Construction is underway for a project that will open a new chapter for a local Winter Park church.
First Church of Christ, Scientist — a building that was razed in March 2018 and now being rebuilt — once again will stand at its location at 650 N. New York Ave. The redevelopment project marks an effort by the congregation to create a space that better suits its needs — reimagining a church that was built back in 1958.
Members of the church can expect a single 7,000-square-foot building that includes a new sanctuary, lobby area, Sunday school area, offices and 44 parking spaces. It’s a move that brings the components of the church closer together.
The project also makes room for 16 townhomes on 1.43 acres at the north end of the property, which was sold by the church to Condev Land LLC for development. The transaction leaves room for a new church building set for the remaining 0.93 acres.
“The impetus for the whole process really was to provide a more functional building for the congregation,” incoming church executive board member and celebration committee chair Rob Landry said. “There was a lot of discussion in preparation for the design, so we provided a lot of information to the architects about how we wanted to use the spaces and the different qualities we wanted the spaces to express.”
The new church will include seating in the sanctuary that curves around the reading platform. That makes the space feel more intimate, Landry said, and the fact that the seats are movable will make the sanctuary a more flexible space for different events.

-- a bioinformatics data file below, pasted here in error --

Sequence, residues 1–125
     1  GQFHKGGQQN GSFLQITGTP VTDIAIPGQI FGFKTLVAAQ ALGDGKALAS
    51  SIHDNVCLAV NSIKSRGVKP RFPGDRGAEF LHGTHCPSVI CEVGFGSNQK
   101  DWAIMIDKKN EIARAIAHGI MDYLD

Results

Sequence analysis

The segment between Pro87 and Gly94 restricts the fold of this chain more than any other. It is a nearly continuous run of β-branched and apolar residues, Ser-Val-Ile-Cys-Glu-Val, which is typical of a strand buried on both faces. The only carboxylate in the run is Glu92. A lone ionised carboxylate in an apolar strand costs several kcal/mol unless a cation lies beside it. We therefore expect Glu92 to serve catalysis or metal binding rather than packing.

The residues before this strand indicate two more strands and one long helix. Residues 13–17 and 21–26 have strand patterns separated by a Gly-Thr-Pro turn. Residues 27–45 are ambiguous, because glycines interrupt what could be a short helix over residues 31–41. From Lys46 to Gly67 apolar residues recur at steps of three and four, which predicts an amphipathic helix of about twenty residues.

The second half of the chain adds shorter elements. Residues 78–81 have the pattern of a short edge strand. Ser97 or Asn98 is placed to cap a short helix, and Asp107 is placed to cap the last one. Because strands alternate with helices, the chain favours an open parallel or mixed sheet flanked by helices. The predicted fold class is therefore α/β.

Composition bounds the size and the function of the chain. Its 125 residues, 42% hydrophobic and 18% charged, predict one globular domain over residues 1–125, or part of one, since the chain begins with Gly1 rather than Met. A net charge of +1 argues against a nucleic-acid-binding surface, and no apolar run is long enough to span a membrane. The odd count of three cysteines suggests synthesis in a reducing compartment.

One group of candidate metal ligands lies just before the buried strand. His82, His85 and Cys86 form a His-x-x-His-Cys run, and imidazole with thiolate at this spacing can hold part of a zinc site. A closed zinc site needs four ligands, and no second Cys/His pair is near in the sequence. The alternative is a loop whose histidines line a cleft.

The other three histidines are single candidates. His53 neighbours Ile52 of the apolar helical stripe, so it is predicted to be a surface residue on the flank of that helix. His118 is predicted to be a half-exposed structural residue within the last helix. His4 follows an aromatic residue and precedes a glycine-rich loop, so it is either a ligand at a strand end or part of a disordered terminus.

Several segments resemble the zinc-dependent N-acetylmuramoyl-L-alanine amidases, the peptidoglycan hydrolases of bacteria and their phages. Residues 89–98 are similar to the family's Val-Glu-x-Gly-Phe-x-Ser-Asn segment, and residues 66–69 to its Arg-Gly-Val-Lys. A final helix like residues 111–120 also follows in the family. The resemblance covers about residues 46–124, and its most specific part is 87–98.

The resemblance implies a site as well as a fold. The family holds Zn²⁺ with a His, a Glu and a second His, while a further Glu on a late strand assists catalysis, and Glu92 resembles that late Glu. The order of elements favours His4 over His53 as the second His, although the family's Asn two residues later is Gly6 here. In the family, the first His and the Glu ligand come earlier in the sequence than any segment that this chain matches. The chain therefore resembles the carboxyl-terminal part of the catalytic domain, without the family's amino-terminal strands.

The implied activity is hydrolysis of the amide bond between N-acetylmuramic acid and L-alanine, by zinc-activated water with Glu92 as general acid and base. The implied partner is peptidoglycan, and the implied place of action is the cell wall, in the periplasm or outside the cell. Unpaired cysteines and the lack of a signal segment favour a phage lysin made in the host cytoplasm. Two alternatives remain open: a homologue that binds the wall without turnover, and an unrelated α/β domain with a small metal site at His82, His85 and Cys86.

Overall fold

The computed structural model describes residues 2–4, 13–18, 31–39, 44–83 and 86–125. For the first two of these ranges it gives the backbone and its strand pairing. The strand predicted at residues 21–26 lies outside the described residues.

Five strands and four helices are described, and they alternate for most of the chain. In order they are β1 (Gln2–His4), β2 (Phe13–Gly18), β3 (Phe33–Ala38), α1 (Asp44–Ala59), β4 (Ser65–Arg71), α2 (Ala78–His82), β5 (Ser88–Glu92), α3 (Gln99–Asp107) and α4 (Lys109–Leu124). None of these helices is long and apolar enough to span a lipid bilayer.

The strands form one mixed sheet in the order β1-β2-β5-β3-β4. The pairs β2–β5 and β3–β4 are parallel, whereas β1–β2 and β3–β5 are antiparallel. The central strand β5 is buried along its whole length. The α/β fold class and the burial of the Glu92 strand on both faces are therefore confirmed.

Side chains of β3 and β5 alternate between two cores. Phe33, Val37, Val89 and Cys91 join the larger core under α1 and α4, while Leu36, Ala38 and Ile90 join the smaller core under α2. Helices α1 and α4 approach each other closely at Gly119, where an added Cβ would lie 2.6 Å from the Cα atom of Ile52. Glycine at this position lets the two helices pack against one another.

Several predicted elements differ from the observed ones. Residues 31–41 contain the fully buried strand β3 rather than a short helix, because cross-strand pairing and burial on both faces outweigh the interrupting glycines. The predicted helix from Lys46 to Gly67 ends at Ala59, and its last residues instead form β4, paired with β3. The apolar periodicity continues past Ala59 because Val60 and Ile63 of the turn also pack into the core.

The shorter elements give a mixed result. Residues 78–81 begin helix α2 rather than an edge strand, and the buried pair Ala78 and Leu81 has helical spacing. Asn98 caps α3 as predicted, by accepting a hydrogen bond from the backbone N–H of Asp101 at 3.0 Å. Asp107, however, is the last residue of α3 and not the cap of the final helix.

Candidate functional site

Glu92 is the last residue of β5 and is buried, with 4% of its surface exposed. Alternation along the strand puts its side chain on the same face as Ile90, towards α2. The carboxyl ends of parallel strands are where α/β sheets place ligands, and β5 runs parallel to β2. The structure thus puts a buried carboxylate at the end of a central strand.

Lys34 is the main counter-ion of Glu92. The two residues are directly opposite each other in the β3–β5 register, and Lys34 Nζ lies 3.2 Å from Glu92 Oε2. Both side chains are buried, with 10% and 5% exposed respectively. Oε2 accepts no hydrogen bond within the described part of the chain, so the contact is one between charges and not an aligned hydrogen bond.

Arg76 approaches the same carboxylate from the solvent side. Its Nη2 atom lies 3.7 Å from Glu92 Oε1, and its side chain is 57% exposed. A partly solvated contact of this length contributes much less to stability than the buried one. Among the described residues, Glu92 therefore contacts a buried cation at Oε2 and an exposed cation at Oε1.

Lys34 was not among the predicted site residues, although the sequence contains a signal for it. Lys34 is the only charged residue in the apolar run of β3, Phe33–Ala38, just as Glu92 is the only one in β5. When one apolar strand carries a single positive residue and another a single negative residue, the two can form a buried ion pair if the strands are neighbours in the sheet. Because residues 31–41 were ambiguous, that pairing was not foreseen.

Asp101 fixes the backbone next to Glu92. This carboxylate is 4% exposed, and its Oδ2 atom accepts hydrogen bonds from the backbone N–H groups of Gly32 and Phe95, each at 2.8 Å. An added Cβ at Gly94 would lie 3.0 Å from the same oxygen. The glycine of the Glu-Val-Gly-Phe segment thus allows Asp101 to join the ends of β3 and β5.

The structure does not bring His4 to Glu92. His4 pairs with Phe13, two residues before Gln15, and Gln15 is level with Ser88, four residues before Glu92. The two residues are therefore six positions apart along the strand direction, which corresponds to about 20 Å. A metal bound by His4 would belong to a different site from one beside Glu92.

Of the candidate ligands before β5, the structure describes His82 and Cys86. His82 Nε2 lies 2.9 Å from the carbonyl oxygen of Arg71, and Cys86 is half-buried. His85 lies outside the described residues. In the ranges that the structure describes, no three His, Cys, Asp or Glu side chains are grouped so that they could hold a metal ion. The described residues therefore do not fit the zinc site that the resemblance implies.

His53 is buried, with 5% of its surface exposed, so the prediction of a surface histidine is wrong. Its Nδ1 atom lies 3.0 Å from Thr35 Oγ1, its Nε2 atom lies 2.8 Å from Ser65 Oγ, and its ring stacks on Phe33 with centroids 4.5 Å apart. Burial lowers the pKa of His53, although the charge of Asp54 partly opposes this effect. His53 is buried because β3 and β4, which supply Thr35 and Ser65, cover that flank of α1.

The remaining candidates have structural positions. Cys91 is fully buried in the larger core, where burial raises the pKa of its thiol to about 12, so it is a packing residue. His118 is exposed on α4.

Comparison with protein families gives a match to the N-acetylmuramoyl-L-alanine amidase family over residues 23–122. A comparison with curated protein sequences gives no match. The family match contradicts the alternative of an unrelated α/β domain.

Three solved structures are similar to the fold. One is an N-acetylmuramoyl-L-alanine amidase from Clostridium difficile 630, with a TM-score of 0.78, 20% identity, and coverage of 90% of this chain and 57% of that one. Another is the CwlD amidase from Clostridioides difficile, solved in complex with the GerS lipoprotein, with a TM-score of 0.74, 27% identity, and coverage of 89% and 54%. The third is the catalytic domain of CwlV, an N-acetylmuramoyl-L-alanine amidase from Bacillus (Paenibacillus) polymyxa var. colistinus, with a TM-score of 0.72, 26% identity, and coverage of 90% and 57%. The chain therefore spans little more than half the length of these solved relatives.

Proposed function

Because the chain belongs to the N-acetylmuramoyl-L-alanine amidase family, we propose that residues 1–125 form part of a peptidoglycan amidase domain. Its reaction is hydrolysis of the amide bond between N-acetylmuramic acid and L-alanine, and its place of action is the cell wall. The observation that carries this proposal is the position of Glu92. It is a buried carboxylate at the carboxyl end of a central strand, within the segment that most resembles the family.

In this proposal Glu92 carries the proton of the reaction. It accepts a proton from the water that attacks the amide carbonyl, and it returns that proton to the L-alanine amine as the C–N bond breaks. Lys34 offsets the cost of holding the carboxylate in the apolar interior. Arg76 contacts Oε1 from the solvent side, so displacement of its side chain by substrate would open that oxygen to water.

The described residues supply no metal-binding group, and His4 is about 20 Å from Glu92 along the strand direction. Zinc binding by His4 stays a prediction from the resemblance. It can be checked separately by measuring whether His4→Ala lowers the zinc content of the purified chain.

“We do have flexibility to rearrange the chairs and put tables out if we want to have other kinds of functions in there or add chairs as we need to,” Landry said.
Not only will the new building have a new layout, but also it will have a new look. Renderings of the new church show an updated architectural style — the architects refer to it as “transitional” because it sits between traditional and contemporary, Landry said.
“It was contemporary in a way that still had some traditional aspects to it,” he said. “When you look at it, you think, ‘Oh, it is a church,’ but it doesn’t look like a traditional church.”
The original 1958 cornerstone of the original church was also salvaged and will be placed on top of the new cornerstone during the construction process, Landry said. A ceremony will be held by the congregation to consecrate the building when that happens.
“I think it’s both a recognition of the building process but also a reference to the spiritual foundations of the church,” he said.
It’s been a period of transition for the First Church of Christ, Scientist in the meantime, which has been holding services at Orange Technical College while construction is completed.
Landry said the church is grateful for the college letting it use the space.
“It’s worked really well — they’ve been very supportive of us being there,” Landry said. “The space is smaller than what our new space will be, so it’s been a little challenging — especially around the holidays and so forth when we’ve had high attendance — but it has worked out pretty well.
“What’s important is the message, not the space that we’re in,” he said. “That’s an idea that we’ve been working with a lot. The church is not the building. The church is the work you’re doing.”
The members of First Church of Christ, Scientist can’t wait to see the new facility.
“Ultimately, it’s providing for the longevity of the congregation and the work we’re doing,” he said of the new home. “That’s the goal: to have the church be healthy and long-lasting.”
Construction should be finished by the end of the summer, with the church opening shortly after, Landry said.